[Suddenly, Occasional Best Fit Contributor Robby Ritacco pulls back his mask to reveal…an American!!] Overly dramatized “reveals” aside, this is an important bit of context for two reasons: First, Sucker came out in the U.S. back in December (sans two tracks and an alternate, Rita Ora-featuring version of “Doing It”), so it’s had an extended gestation period on my side of the pond while its homeland release was repeatedly delayed. Second, Sucker dwells quite a bit on Charli XCX’s transition from the cultish, critically acclaimed pop semi-stardom surrounding 2013’s True Romance to the international feature-megalith status of Iggy Azalea’s “Fancy” - plus, of course, XCX’s own Billboard Top 10 debut via her pop-perfect hit “Boom Clap.”
Sucker boisterously announces itself with the profanity-laden intro of its title track, with Charli quipping as snidely as ever: "You said you wanna bang? / Well / Fuck you / Sucker." That audacious introduction is then edified by the simplistic mantra of the album's second track (and second single), the insatiably infectious "Break the Rules," which sees Charli adopting an over-the-top, celebrity counterculture persona, opting to get high and get wrecked with a Lohan-ian spirit of rebellious ambition. But where Sucker truly springs to life is in track three's poppy, Americana-smashing "London Queen," a track on which the now-LA-based XCX simultaneously critiques and celebrates American pop culture, and even somehow manages to pull off the most innocuous JFK assassination reference possible.
With one hand, Charli brutally dissects the stereotype of the American pop culture starlet ("Break the Rules"; "Famous"), while she uses the other to lovingly embrace her budding opportunity to parlay with the glam life ("Gold Coins"; "Die Tonight"; "Hanging Around"). Yet some tracks really toe the line between the two ("London Queen"; "Die Tonight"). One line from "London Queen" sums it up quite well: "Now I live in Hollywood / I can't stop, even though I know I should / It feels so good," highlighted by the song's background vocals, which pepper the track from start to finish with outrageous, cynical "Oi!"s.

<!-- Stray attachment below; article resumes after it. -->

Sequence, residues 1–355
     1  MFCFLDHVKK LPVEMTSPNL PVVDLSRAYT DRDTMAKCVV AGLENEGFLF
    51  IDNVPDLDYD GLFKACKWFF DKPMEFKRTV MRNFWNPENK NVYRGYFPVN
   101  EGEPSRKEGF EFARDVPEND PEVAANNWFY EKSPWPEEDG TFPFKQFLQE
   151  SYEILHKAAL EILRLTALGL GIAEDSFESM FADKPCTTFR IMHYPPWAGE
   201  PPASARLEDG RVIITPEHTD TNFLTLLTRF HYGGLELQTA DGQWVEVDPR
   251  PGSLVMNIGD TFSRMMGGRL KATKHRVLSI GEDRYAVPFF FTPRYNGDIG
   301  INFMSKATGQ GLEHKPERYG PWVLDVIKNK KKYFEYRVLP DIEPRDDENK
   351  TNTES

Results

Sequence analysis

But enough about crossing ponds—after all, it's not the sole backbone of Sucker. As with any pop album, love and lament work their inevitable platitudes into the mix. But Charli's stance on love - be it gainfully requited, inevitably doomed, or snarkily rejected by Ms. XCX - has shifted greatly since the melancholy and cynicism of 2013's True Romance.
The closest sonic link between the two albums is back-half track "Body of My Own" for its expressive-yet-terse nature, but even that's quite a stretch. And then there's "Need Ur Love" - the closer of the U.S. edition and penultimate track of the European release - a song that bears seemingly no traceable line of origin from XCX's past or present save for the masterful producing hands of Vampire Weekend's Rostam Batmangij (whose production was also a major factor in many of True Romance's virtues). Its jazzy piano lines, rockabilly guitar riffs, enthusiastic choral background and glistening Charli falsetto are a testament to the superpowers of production.
At its core, Charli XCX's 2013 album was critical dynamite: a pop record stained with industrial roots and deep, gloomy undertones. Between True Romance and Sky Ferreira's Night Time, My Time, it seemed like a bubblegum-pop counterculture coup d'état was in the works. However, Charli XCX has never been any less than forthright about her pop-star ambitions - and though taking the scenic True Romance route seems quite the 'road less traveled,' Sucker is a perfect transition into the conventional zeitgeist. It's cynical, it's coy, it's assertive, but it's catchy as they come, with no pandering, no putting on airs and no shortage of substance.